Every month I attempt to purchase a lot or two (a lot for me is $500 – I hope to increase that in the future) of a possibly undervalued stock that has increased their dividend every year for the past 15 years. In an effort to find those undervalued dividend growers I use certain metrics with regard to the company’s price to earnings, operating margin vs industry and price to book vs industry. I also screen for yield and market cap as well to further limit the watch list. Lastly, I compare the remaining companies to their 52 week and 52 week low.
Applying my Valuation Metrics to Dividend Growth Stocks
All my data comes from a snap shot in time (I did the research on the night of February 14, 2017) and all metrics come from Morningstar.com. Warning: This, along with every other screen, is a snapshot in time, and as such, you can’t really rely on it. Rather, the screen should be used just as a starting point for your own research.
Price to Earnings Elimination
First, I eliminate all those stocks with Price to Earnings ratio of 20+ or higher than the individual company’s industrial average. “Price to Earnings” is defined as,
The Price/Earnings Ratio or P/E Ratio is a stock’s current price divided by the company’s trailing 12-month earnings per share from continuous operations.
A fund’s price/earnings ratio can act as a gauge of the fund’s investment strategy in the current market climate, and whether it has a value or growth orientation
Similar to last month this screen, alone, removed 75% of the companies!
Operating Margin Elimination
My next screen is eliminating those companies whose Operating Margin is less than their Industry’s average. Operating Margin is defined as,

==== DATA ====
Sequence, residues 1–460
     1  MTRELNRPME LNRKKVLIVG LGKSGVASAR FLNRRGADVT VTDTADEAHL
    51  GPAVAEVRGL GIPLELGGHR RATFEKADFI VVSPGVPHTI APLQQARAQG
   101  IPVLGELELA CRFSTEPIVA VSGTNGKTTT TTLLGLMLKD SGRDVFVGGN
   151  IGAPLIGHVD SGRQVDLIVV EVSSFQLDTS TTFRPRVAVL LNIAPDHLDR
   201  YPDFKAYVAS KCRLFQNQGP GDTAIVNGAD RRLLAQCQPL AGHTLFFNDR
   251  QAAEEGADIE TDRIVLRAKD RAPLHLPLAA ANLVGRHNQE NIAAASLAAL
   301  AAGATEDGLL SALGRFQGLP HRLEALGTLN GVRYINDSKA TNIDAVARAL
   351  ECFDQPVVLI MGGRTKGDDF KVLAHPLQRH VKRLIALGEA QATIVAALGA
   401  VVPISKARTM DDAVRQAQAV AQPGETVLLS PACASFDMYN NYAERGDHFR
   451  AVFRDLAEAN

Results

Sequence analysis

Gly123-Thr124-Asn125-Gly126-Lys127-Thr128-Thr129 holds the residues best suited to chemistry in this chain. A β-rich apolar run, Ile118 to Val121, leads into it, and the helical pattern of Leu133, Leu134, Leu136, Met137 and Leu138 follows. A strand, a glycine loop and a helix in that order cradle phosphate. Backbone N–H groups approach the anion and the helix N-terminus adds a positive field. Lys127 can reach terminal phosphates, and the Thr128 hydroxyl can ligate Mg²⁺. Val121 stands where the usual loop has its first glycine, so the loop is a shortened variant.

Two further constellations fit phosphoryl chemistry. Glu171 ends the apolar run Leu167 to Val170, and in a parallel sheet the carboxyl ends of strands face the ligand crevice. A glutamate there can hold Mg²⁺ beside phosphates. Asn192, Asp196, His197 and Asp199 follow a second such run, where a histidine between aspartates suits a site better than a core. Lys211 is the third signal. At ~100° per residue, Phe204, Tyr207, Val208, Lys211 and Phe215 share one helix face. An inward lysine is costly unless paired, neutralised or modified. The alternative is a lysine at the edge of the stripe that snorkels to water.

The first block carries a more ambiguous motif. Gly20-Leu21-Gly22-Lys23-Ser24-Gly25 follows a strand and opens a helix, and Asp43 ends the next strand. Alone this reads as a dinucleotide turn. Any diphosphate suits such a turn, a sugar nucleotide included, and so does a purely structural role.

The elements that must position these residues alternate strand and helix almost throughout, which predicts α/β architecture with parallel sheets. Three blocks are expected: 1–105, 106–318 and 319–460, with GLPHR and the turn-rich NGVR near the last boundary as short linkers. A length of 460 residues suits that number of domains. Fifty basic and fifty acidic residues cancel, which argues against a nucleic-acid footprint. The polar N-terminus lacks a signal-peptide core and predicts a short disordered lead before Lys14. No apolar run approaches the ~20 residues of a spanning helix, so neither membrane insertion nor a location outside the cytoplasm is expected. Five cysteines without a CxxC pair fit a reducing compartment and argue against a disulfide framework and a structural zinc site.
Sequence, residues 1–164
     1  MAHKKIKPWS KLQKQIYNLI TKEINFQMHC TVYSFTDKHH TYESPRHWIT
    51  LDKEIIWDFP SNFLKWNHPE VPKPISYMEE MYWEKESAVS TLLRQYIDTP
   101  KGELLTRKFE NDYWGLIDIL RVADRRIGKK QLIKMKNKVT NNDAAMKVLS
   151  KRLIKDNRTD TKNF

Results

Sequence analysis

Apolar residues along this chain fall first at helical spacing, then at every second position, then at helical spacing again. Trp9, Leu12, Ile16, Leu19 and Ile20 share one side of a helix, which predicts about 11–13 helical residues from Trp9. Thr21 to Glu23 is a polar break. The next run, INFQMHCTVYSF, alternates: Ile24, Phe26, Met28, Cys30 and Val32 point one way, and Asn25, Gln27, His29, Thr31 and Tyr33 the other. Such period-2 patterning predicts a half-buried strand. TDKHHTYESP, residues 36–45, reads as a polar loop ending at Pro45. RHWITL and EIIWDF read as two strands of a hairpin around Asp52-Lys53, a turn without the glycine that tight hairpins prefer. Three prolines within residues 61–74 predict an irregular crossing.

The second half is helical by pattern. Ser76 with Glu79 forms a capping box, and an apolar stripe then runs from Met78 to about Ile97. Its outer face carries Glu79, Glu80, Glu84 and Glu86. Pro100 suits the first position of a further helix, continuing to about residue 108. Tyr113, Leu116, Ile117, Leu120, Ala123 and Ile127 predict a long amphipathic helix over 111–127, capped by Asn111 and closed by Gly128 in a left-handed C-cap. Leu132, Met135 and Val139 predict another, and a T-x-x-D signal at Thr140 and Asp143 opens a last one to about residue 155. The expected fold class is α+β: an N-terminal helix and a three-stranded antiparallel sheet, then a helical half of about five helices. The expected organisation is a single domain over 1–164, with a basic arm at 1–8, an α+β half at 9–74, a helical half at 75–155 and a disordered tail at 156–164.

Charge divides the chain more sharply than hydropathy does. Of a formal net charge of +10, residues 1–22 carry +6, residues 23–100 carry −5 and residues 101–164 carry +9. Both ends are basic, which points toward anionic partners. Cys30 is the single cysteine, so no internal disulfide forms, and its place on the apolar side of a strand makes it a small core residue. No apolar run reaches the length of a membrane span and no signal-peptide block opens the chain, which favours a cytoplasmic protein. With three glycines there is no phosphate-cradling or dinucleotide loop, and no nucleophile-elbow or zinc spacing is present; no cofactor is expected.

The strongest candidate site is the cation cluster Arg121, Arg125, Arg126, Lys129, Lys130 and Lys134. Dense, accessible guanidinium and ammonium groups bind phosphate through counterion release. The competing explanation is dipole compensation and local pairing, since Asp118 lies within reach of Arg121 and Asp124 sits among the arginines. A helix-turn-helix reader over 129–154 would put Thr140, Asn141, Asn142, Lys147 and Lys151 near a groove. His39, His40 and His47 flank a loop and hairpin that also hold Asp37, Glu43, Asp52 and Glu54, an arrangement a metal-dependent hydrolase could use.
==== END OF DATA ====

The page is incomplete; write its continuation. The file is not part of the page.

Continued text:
a margin ratio used to measure a company’s pricing strategy and operating efficiency.
Operating margin is a measurement of what proportion of a company’s revenue is left over after paying for variable costs of production such as wages, raw materials, etc.
Operating margin gives analysts an idea of how much a company makes interest and taxes on each dollar of sales. Generally speaking, the higher a company’s operating margin is, the better off the company is. If a company’s margin is increasing, it is earning more per dollar of sales.
This particular month I went from 56 remaining equities to 50:
Price to Book Elimination
Third on the list is eliminating those stocks with a Price to Book ratio of above 4 (or if above 4 in line with the industry average). Price to Book is defined as,
A lower P/B ratio could mean that the stock is undervalued. However, it could also mean that something is fundamentally wrong with the company
This reduced my stocks from 50 to 43:
I am not chasing yield, but at the same time, I want to be paid for owning the company – this month I chose 2.5% (a bit higher than last few months). This brought us down to 23 Companies.
Market Cap Elimination
People often confuse stock price with the size of the company, and the two are unrelated. The size of the company in terms of total worth is found in the Market Cap. Calculating Market Cap is easy,
Market capitalization is just a fancy name for a straightforward concept: it is the market value of a company’s outstanding shares. This figure is found by taking the stock price and multiplying it by the total number of shares outstanding
I eliminated all companies worth less than $500,000,000, and this further reduced the number of companies to look at to 13
I do not want to buy into a company whose dividend could be in jeopardy because they are paying too much of their free cash flow to the owners. The payout ratio for the trailing twelve months has to be under 60%. This got us down 9 companies:
Dividend Growth Stock Watch List January 2017
The above screen (which I did by hand) leaves me with the following stocks to watch
- Cincinnati Financial CINF
- Community Trust Banc. CTBI
- Old Republic International ORI
- PPL Corp – PPL
- SCANA Corp – SCG
- Southside Bancshares SBSI
- T. Rowe Price Group TROW
- Target Corp. TGT
- Wal-Mart Stores Inc. WMT
Anyone like a particular company in the list?